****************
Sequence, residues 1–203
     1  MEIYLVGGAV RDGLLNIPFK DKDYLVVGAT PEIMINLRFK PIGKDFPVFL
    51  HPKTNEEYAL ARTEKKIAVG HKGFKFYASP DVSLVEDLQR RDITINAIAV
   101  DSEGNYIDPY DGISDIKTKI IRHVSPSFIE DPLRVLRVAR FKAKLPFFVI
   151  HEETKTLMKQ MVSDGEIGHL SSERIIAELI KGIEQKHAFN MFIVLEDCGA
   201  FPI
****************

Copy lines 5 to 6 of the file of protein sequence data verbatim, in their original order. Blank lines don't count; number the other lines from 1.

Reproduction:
   151  HEETKTLMKQ MVSDGEIGHL SSERIIAELI KGIEQKHAFN MFIVLEDCGA
   201  FPI